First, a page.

You Can Still Plant Tulips

You can still plant tulips.

These Zoomerschoen tulips have been in my garden for years, but it’s still possible to plant tulips bulbs now, even if there’s snow on the ground.

Doreen G. Howard


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I discovered a package of tulip bulbs on a garage shelf, behind a bag of soil sulfur, two weeks ago.

Evidently, the dozen ‘Mata Hari’ tulips hid when I planted over 150 other bulbs last October.  I was looking forward to their ivory, edged with lipstick red, flowers along my garden path.  At least, that was the plan.

After doing a little research, I came across a study about planting tulip bulbs on top of the ground and late in the season, done by Cornell University.  Researchers found you can grow gorgeous tulips in only mulch, two inches being the optimum depth.  They experimented with mulch layers up to six inches deep and determined the two-inch covering (renewed every autumn) produced the largest amount of flowers and the most vigorous plants.

I'm looking forward to seeing these 'Mata Hari' tulips in April, even though I planted them shortly after New Year's day.  Photo courtesy of Breck's Bulbs.

How to Plant Tulips

According to the Cornell study (done over a six-year period), you should plant tulips this way:

  • Loosen soil if possible.  If not, choose an area with soil full of organic matter.
  • Scratch in bulb fertilizer.  If ground is totally frozen, scatter fertilizer sparely and over a larger range than normal.
  • Place bulbs on top of soil.  Do not press them in, as this will damage bulb base where roots form.
  • Cover with two to four inches of aged mulch or finished compost.  Go for the thicker layer if planting during winter like I did.
  • Renew mulch covering often to be sure there is at least a two-inch layer.

Use the link above to view the Cornell study and look at photos of tulips blooming over the six-year period.  It’s interesting.

About This Blog

Get inspired by Robin Sweetser's backyard gardening tips. Robin has been a contributor to The Old Farmer's Almanac and the All-Seasons Garden Guide for many years. She and her partner Tom have a small greenhouse business and also sell plants, cut flowers, and vegetables at their local Farmer's Market.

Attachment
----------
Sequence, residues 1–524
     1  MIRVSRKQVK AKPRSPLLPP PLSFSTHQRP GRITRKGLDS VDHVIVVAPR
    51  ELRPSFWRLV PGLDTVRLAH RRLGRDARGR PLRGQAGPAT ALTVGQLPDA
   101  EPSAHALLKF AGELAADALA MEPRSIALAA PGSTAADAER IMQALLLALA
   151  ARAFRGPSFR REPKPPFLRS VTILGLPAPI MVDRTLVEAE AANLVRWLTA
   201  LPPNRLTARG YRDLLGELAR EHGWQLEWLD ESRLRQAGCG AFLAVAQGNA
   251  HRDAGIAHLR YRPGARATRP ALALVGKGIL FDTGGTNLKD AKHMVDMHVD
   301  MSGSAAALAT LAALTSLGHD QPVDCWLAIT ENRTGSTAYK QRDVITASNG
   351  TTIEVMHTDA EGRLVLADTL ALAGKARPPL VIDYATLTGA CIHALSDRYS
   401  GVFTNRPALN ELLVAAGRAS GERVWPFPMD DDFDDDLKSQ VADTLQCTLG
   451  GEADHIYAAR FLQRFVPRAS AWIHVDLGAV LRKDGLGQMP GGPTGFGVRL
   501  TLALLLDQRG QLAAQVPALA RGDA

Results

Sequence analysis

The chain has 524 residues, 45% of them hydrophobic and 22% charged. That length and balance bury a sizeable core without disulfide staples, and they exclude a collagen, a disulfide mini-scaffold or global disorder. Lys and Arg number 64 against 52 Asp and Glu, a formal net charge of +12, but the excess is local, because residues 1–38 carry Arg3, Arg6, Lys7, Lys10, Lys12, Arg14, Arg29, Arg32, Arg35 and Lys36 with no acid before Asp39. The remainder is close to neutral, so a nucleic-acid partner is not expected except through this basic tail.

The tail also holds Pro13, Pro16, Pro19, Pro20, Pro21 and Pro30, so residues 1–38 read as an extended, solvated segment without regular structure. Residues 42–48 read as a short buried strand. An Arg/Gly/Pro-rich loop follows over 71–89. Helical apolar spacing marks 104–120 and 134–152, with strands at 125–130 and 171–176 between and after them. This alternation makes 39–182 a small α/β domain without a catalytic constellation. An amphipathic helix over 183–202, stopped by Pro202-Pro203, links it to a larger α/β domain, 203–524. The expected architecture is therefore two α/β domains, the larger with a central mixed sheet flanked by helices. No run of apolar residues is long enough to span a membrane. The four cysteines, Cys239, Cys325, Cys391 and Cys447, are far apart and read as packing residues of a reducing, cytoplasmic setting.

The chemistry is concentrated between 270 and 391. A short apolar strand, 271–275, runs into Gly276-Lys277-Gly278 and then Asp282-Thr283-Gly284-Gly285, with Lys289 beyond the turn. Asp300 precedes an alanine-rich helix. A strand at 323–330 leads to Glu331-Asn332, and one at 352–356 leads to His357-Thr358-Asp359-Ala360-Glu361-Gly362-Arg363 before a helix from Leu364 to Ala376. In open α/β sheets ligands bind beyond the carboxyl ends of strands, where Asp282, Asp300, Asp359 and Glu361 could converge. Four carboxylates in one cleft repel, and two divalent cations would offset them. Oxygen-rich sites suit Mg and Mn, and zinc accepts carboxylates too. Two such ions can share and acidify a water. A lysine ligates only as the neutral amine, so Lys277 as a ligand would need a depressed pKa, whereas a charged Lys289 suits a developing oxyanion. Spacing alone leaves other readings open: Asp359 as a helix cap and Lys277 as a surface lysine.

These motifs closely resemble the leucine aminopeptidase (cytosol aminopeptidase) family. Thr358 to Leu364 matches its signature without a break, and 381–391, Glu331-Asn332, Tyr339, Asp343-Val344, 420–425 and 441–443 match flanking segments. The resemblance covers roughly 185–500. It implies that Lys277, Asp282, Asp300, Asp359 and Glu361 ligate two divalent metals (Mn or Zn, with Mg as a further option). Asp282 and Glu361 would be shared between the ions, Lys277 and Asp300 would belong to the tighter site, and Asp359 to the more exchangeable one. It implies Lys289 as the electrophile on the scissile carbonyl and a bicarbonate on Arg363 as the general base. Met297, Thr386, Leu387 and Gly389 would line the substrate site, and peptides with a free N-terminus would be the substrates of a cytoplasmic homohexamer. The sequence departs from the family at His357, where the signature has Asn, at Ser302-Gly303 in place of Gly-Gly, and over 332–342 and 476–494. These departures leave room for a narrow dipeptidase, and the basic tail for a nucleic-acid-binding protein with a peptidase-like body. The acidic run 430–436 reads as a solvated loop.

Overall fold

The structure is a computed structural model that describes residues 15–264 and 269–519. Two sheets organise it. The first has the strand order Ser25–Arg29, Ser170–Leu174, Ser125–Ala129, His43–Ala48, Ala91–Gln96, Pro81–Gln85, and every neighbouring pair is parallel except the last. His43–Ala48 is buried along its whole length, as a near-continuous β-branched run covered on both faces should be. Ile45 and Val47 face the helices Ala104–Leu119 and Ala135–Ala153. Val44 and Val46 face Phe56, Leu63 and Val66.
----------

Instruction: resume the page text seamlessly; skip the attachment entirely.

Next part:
Reader Comments

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Planting potted tulips

I have just inherited a pot of spent tulips. I would like to plant them in my garden. How is the best way to handle this situation?

They need to make top growth

They need to make top growth to feed the bulbs for next year’s flowers. If the ground is warm enough for planting in your area then by all means plant them outside but otherwise keep them growing in the pot as long as you can. Help them along by scratching in some bulb fertilizer or giving them some water soluble plant food. If the tops die back you can pull the bulbs from the pot and let them dry out. Store in a cool, dry, dark place. Plant them in the garden in the fall and hope for the best. Often forced bulbs need a year to recover and rebloom.

Plant tulips under mulch

Did you have any trouble with squirrels eating the bulbs? I have problems when the bulbs are buried under soil. This technique sounds like a squirrel smorgasboard! lol

Tulip bulbs

I had purchased tulips and hyacinth in small pots last summer with the intention of planting the bulbs in fall, thru miscommunication they were simply placed in shed, still in pots with some soil. Now a warm day in middle of March in NE Oklahoma, I open the shed to find these tulip bulbs were sprouting an inch and more in their completely dry soil pots, I have watered them all and sat them in Sun for past 4 days bringing them in at night, as we are having a freezes at night and cooler windy weather during day. Having never had tulips or hyacinth, I need help, have I done the right thing, when should I put them in ground? The hyacinth is about 1 1/2" and has already started to show its color blue flower without opening all the way and is still so short, what should I do, when to plant in ground or stay indoor ( I think is indoor kind) to cold winter. Will these hyacinth bloom all the way?

You can keep the bulbs in the

You can keep the bulbs in the pots and bring them outdoors when the weather has warmed up a bit. Or you can plant them in the ground with some compost added. You can also add a little 10-10-10 soluble fertilizer to the soil. See more information at


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